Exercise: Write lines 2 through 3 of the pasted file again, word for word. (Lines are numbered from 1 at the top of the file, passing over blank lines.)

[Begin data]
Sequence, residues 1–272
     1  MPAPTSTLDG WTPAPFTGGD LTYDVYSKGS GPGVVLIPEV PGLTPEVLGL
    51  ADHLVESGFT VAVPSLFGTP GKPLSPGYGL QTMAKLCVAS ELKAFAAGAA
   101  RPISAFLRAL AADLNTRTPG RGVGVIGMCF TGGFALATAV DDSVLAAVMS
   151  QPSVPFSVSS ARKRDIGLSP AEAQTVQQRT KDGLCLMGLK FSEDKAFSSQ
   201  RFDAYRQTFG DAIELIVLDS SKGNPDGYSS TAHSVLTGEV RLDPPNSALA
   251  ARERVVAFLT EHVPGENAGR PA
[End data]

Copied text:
     1  MPAPTSTLDG WTPAPFTGGD LTYDVYSKGS GPGVVLIPEV PGLTPEVLGL
    51  ADHLVESGFT VAVPSLFGTP GKPLSPGYGL QTMAKLCVAS ELKAFAAGAA